For my entire time studying at university I often hear lecturers, tutors and students talk about this thing called ‘the real world’. Having spent eight years working and travelling before university, I was confused by this term. Studying at university IS the real world – you’re just not treating it that way.
I am going to put things into perspective for you and show how university is just like working in a big organisation.
Think of your lectures like big, interdepartmental or company-wide meetings. They’re not as frequent in the workplace, but they do happen. In both situations, a few key people will deliver important information that will affect you in some way. You need to be able to pay attention, no matter how boring it may seem. A person who is attentive can use this information to their advantage. Not only is this good for you, but using this information makes you look better to your superiors.
Lesson: Pay attention and take notes, it’s important.
These are your department meetings. They happen pretty regularly and you will be expected to have some input. In the workplace you will be updating the rest of the team on what you have been doing, and what’s coming up next. If the person managing things is organised, then they will hopefully give you an agenda beforehand, however this is pretty rare in my experience. Either way, you need to come prepared to talk – so know your stuff and have notes handy if you need to. Also, be ready to take notes from others as there may be info which affects you.
If you come to one of these unprepared, not only will you look incompetent, it will negatively affect your marks or yearly review.
Lesson: be prepared to update the department and take notes from others.
In the workforce, you will probably need to work with other people either outside or inside your department on a specific project. You probably won’t have any choice as to who you work with, so be prepared for anyone. University, just like the workforce, will present you with a mixed bag of people. Some will be hopeless and you will just have to deal with them; others you will get along with socially and end up as friends outside of the office; while a rare few will be absolute superstars, so keep in contact and network effectively. There will be a set outcome with a set deadline, and meeting this could be challenging, so be ready for anything. Group assignments will give you the people skills to effectively handle anything that comes your way. If you feel up to it, now is the time to develop your leadership skills.
Lesson: dealing with all sorts of people is a valuable skill so make the most of this opportunity.
Your boss may ask you to research and put together a report to convince senior management to take some sort of action. Like any individual assignment, the task may be vague or specific. While university assignments have learning outcomes and marking rubric’s, you might just get a short email from your boss in the workplace. It is absolutely essential you ask the right questions, especially if it is a vague request. Your report must solve a specific problem, answer a specific question or make a specific argument for some action. Your report must be logical and evidence-based, regardless of the discipline in which you are working. The ability to communicate clearly will put you in good stead in the future.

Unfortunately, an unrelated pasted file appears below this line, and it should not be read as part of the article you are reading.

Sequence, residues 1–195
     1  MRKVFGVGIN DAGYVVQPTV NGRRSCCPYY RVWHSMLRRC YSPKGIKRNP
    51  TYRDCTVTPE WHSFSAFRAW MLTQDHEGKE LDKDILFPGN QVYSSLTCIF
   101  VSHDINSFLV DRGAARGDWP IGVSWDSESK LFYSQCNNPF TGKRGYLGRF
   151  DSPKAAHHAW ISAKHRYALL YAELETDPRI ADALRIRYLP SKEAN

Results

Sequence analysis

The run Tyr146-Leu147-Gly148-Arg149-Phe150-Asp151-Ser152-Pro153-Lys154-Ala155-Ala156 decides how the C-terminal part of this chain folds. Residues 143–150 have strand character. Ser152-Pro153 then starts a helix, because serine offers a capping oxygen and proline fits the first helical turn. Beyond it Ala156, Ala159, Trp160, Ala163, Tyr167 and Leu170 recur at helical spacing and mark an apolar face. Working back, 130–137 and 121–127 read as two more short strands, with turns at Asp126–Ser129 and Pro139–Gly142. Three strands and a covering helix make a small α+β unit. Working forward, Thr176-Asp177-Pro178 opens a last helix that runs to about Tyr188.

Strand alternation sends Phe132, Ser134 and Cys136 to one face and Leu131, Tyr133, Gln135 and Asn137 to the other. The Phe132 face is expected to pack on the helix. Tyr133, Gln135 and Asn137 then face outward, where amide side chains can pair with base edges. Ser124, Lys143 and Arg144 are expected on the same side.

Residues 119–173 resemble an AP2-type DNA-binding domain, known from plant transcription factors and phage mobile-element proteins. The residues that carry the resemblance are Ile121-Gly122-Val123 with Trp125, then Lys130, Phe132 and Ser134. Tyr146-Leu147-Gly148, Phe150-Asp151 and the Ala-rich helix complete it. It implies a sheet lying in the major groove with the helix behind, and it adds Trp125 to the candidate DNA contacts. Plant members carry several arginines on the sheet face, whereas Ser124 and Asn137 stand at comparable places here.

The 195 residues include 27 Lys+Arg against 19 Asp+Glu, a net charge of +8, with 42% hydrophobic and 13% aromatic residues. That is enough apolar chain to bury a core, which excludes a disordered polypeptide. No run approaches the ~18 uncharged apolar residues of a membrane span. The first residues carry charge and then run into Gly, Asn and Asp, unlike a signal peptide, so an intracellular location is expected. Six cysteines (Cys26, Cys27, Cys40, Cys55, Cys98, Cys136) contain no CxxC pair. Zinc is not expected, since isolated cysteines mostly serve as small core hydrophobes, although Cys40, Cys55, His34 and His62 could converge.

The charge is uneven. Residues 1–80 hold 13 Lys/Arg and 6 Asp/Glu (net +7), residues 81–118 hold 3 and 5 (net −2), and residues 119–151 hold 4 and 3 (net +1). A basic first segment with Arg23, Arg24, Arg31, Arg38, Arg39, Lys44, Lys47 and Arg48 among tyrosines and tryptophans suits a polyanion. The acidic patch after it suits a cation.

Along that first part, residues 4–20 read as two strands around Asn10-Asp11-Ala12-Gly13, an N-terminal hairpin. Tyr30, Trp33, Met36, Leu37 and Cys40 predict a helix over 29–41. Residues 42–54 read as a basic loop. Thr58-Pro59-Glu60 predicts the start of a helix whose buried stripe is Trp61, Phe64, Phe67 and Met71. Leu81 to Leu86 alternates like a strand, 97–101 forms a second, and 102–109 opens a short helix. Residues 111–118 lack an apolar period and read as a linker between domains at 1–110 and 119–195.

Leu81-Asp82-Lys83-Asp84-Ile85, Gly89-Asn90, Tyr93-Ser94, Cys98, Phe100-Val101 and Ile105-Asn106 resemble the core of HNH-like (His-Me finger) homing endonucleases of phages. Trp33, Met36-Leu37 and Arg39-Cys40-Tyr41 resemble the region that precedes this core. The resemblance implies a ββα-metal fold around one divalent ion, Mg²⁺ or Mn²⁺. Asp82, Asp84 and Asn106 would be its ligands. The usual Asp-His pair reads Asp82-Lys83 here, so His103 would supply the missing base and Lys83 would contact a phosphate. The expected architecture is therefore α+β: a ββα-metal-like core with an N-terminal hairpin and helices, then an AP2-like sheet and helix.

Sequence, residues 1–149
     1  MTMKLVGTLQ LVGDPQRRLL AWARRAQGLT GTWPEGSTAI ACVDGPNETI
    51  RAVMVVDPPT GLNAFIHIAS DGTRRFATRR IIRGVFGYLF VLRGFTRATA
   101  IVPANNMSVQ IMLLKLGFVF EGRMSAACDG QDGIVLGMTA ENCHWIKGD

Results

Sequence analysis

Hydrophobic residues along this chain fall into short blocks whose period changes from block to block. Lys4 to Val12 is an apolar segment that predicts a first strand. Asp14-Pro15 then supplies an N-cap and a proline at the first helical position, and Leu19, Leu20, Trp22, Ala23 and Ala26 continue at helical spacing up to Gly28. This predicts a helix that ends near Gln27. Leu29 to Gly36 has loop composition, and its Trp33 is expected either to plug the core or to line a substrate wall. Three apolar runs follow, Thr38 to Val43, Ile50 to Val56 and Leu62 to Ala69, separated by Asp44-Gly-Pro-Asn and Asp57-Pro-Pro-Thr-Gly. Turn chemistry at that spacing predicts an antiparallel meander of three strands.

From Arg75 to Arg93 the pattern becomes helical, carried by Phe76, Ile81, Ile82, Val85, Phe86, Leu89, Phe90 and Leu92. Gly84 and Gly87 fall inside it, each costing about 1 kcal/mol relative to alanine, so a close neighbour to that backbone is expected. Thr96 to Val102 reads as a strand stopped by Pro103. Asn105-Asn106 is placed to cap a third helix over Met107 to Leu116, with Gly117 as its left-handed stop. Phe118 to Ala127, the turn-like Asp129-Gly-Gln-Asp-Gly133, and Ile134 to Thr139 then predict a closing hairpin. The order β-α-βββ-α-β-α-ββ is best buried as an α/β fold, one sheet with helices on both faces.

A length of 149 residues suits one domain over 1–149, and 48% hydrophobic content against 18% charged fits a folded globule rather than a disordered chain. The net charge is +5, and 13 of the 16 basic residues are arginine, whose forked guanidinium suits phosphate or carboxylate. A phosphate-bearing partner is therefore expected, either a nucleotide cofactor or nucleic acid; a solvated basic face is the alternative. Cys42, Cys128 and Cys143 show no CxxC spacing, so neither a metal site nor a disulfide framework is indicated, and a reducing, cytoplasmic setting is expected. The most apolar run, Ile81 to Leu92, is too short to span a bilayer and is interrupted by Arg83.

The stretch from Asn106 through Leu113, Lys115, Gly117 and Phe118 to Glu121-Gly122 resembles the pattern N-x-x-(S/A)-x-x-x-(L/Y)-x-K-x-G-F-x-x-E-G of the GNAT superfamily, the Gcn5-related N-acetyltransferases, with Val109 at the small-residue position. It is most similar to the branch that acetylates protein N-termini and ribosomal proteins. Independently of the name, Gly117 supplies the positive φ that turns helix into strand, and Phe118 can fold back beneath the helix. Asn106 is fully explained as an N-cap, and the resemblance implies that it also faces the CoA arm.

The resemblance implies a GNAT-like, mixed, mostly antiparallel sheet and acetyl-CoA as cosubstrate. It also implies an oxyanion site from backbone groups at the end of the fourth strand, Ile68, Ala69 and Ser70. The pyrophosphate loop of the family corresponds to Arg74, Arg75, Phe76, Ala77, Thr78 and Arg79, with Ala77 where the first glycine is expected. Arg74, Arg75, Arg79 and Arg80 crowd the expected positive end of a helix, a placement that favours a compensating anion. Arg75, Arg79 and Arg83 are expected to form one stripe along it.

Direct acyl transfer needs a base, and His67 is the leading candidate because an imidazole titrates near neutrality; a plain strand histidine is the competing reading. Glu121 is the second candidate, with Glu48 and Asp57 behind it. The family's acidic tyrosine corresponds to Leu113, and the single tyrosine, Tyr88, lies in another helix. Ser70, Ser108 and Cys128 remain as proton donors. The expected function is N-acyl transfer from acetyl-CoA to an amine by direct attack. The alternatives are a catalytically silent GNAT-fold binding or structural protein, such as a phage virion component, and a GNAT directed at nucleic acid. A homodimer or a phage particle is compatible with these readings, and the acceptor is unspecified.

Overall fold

Lesson: Proper question asking and clear writing is essential
Sweet, sweet study time! An opportunity to focus and maybe relax. Put your earphones in and crank up the tunes! A time to get something done!
This is when you must be able to prioritise your work-load and get shit done (I like to call it GSD session). What’s important here is the ability to show results, not just put in face time for the sake of appearances. Write down a list of things that need to be achieved before you get started. Then you need to stick to this list and avoid distraction. Don’t fall into the trap of ‘multitasking’ – it doesn’t exist and only reduces your effectiveness. Lastly, ensure you have regular breaks and get up from your chair.
Lesson: The ability to work effectively unsupervised is an essential skill that is highly valuable.
So how can you apply this? You can avoid stereotyping in your job interview – something that happens more than you think. You can now also say that you are able to work effectively in a group with anyone; contribute in a meeting environment and work independently.
There you have it folks – you’re already in the real world. Use this information to help get yourself job ready to give you the edge. As always, remember to Keep It Simple Sunshine
Do you have any other suggestions as to how university and work are the same? I’d love to hear your insights in the comments below, and maybe do a follow up to this post.
This blog post is the third in a new series authored by The Job Search Coach marketing intern Jasha Andrews. Jasha has been invited as a Guest blogger to TJSC to help uni students hunt smarter for a position. If you are a regular reader, this could be the refresher that you need on basic job hunting.